The U.S. Department of Justice declared FIFA and other soccer bodies to be victims of corrupt former officials and said Tuesday they would get more than US$200-million from cash forfeited in a sprawling investigation.
A first amount of US$32.2-million will be paid into a “World Football Remission Fund” overseen by the FIFA Foundation charity, federal prosecutors said.
“This announcement is the beginning of the process for returning funds to the victims of the FIFA bribery scandal and marks the department’s continued commitment to ensuring justice for those victims harmed by this scheme,” the DOJ said in a statement.
FIFA’s charity supports projects in schools, helps the sport recover after natural disasters, develops women’s and girls’ soccer, and the FIFA Legends program that uses former players as ambassadors.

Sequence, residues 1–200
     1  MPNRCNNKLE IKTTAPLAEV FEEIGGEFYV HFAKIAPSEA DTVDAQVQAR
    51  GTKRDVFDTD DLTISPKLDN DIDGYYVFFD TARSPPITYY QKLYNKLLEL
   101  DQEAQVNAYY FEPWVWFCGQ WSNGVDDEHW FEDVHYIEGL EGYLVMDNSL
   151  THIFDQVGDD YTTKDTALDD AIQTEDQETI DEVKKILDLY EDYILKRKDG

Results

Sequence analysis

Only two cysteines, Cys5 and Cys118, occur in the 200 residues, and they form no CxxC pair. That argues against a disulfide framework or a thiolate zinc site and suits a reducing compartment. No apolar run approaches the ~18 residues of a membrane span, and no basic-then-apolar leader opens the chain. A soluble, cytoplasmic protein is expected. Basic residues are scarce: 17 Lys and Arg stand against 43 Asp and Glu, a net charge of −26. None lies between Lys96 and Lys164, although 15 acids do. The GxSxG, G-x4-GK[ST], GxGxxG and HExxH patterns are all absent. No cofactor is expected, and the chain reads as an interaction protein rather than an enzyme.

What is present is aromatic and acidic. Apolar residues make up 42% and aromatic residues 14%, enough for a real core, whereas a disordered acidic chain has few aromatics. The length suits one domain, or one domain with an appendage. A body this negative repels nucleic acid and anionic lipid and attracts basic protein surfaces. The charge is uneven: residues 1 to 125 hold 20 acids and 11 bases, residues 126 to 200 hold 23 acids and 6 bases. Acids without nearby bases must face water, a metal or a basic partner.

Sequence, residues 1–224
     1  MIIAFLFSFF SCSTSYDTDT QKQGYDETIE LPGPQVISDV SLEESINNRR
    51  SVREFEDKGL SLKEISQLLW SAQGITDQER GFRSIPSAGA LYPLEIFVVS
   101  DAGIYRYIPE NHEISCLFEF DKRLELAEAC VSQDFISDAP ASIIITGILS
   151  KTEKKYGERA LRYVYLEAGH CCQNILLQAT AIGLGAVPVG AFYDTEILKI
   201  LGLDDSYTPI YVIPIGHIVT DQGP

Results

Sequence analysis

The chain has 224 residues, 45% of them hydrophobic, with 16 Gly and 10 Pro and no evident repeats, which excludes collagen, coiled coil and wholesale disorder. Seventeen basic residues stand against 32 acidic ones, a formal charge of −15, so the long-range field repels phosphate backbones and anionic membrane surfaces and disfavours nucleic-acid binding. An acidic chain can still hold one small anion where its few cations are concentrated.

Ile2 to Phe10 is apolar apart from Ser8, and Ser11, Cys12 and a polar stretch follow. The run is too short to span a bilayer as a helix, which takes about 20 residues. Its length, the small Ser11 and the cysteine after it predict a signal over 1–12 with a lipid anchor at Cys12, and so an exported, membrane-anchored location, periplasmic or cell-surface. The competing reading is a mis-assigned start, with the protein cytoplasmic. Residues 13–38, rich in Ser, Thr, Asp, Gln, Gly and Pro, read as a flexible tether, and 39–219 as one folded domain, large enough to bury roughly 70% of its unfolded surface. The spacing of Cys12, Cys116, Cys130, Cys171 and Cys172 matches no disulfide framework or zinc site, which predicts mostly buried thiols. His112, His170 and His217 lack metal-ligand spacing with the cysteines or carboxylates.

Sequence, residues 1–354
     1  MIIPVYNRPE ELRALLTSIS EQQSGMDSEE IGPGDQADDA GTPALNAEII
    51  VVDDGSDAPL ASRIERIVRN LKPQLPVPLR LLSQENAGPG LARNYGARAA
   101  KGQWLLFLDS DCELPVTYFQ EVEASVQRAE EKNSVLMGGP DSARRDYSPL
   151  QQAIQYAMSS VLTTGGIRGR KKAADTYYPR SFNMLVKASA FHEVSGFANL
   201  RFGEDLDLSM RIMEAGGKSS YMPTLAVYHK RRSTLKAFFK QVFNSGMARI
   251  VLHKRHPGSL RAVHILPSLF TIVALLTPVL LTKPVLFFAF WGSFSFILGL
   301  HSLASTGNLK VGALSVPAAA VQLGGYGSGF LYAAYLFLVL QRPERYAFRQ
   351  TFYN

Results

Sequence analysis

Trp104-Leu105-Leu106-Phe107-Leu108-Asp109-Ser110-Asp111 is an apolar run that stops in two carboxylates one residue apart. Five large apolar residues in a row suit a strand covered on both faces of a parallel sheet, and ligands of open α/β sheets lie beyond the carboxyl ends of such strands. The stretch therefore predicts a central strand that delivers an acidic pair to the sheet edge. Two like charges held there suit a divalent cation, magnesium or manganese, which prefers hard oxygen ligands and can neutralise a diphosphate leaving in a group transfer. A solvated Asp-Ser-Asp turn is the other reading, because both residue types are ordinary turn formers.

Most of the forfeited money – in a case unsealed in 2015 that led to more than 50 people or corporate entities charged – will now be under FIFA’s control in Zurich, though it never belonged to the world soccer body.
The forfeited money was typically linked to bribes and kickbacks from broadcasting and sponsor deals for continental competitions in the Americas and national deals for World Cup qualifying games.
More than US$150-million was ordered to be forfeited by Jose Hawilla, the Brazilian marketing executive who has since died. His group of agencies had close relationships with South American soccer body CONMEBOL and North America’s CONCACAF.